• Whether the position of one institution in a ranking should be affected by the recalculation of the score for another.



  • Magazine Asiaweek
    published rankings across 18 countries. Ceased publication in 2001.


  • Good Universities Guide
    Web/book based, 21 indicators but no overall ranking.


  • Maclean's
    Magazine based, annual. Ranks universities numerically in three groupings: primarily undergraduate; universities with a significant amount of research activity; and medical-doctoral universities. It includes reputational rating based on alumni support over five years and a survey of 7,255 individuals across the country who were asked to rate schools.


  • Der Spiegel
    Magazine based. The magazine questioned 12,000 students and 1,600 professors. The data were augmented by government statistics.
  • Stern
    Magazine based. Since 1999, in cooperation with the CHE-Centre for Higher Education Development. Based on data such as the number of students per professor and the number of PCs per student. It also takes into account the opinions of students and staff. Does not rank but offers recommendations for subjects.


  • Rzeczpospolita/Perspektywy
    Collaboration between newspaper and educational publishing house. Covers 75 top schools in Poland, using 16 criteria drawing on official data and survey material.

United Kingdom

  • The Times/Thes
    Annual. Ranks numerically 101 mainstream universities offering a full range of disciplines. It does not list specialist institutions with a limited range of subjects. The Thes also includes university colleges with degree-awarding powers, and ranks by nine indicators derived from official data.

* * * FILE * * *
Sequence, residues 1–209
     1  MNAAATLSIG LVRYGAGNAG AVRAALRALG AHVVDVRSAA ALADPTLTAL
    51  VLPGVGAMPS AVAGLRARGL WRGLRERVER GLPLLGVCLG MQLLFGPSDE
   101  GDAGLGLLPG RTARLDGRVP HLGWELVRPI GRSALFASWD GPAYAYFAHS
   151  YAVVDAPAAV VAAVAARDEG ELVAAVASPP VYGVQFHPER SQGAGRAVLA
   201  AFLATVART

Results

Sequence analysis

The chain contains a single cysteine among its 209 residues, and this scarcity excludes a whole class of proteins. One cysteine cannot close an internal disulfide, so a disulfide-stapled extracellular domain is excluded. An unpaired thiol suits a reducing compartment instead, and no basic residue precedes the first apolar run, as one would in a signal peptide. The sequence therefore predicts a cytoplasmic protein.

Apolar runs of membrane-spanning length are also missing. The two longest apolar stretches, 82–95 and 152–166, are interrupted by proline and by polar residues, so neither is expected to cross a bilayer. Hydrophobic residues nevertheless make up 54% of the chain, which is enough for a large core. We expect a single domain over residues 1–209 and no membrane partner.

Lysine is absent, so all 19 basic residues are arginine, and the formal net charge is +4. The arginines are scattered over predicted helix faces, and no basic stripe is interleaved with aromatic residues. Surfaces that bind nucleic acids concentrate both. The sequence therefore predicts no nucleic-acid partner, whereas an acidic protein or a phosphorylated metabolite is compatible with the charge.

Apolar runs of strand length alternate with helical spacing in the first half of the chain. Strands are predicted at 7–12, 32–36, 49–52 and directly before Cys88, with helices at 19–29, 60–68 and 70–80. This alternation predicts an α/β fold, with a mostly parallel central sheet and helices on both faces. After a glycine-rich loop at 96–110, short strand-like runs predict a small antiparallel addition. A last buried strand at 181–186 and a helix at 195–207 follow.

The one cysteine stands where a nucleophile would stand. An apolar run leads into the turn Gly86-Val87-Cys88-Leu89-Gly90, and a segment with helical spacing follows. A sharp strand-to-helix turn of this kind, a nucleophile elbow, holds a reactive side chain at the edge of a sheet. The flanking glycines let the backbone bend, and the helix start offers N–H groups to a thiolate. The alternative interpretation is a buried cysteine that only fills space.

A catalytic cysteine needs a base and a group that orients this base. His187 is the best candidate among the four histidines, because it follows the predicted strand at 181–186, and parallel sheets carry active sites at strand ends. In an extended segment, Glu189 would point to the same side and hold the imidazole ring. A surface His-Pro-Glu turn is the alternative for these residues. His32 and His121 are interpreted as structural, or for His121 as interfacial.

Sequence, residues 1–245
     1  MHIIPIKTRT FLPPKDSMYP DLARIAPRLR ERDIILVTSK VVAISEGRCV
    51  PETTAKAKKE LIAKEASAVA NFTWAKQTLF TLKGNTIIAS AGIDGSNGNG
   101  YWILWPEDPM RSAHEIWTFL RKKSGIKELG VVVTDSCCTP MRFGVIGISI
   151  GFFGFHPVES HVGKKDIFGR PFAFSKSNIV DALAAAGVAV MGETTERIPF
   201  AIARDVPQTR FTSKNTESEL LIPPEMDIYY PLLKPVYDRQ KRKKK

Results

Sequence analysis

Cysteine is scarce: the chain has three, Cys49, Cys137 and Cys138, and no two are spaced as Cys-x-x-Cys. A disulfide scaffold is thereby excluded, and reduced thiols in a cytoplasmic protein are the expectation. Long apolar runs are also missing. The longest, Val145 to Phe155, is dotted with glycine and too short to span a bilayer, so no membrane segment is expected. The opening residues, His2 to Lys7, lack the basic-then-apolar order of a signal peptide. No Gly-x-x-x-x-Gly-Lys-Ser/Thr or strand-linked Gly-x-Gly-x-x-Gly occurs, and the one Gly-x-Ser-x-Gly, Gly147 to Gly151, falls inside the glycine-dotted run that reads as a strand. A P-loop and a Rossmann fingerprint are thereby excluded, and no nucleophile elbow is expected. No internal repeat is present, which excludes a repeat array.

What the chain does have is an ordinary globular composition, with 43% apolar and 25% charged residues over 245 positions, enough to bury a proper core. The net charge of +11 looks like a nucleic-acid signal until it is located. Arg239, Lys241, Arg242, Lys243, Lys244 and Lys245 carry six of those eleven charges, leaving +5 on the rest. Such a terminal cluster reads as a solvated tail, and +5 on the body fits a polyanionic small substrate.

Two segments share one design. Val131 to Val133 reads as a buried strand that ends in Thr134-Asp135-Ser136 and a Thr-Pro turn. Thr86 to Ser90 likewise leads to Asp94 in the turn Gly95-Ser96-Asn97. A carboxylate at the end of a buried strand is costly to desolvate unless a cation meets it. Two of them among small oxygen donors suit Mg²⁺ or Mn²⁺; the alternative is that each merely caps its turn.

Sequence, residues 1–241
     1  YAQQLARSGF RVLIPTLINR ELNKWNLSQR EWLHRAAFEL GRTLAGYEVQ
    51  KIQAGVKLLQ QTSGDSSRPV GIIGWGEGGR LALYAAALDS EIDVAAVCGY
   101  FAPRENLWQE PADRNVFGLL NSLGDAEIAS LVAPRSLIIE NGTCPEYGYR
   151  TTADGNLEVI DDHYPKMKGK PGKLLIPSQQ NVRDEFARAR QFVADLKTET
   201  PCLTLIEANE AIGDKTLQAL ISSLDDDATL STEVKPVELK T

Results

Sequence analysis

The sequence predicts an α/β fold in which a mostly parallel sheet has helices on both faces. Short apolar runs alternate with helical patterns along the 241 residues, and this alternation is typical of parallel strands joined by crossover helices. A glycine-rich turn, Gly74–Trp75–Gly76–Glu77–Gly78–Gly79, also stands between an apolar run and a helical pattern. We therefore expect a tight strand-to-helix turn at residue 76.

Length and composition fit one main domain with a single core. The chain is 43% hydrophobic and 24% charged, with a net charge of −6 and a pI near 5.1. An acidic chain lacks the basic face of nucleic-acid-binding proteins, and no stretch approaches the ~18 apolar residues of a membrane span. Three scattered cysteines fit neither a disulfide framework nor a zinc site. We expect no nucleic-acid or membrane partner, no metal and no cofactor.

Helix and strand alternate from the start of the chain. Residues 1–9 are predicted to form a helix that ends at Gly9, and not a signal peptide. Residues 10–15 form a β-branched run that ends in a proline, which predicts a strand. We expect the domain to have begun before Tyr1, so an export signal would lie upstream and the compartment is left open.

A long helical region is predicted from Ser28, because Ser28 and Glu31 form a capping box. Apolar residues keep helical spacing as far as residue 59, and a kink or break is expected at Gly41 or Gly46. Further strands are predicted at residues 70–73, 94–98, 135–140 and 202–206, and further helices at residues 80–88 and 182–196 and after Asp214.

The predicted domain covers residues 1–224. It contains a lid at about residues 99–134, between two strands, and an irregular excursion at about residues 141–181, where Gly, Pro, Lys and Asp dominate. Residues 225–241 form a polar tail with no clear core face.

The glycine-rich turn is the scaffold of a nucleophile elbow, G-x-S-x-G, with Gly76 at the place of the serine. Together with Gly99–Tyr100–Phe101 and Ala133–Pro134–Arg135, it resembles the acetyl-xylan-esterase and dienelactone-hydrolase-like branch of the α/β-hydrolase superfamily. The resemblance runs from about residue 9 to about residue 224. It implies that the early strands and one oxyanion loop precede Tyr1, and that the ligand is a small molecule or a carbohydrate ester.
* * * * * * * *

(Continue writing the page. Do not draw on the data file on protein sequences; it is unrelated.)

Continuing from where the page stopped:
• The Financial Times
    Annual. Ranks 93 universities using 18 indicators derived from the same official data and uses broadly the same statistical processes. Indicators selected with employment factors in mind.
  • Daily Telegraph
    Annual. Ranks 99 universities according to outcome of teaching quality assessments in football league style.
  • The Sunday Times
    Annual. Uses seven key performance indicators derived from public sources.
  • Guardian
    Annual. Compares universities across 49 subjects focusing on teaching, based on published data. Has no unified table. It has attempted to factor in an added-value measure that gauges the ability of departments to take on students with poor A-level grades and produce graduates with first-class degrees.

United States

  • US News and World Report
    Magazine-based, annual. Based on survey returns, ranks 1,400 accredited colleges and universities based on academic reputation, retention of students, faculty resources, student selectivity, financial resources, alumni-giving and "graduation rate performance" - the difference between the proportion of students expected to graduate and the proportion who do.
  • Kiplinger
    Magazine-based. Ranks separately the top 100 public and private universities on a combination of quality and cost measures, including student debt. Greater weight on quality (71 per cent) than on cost (29 per cent).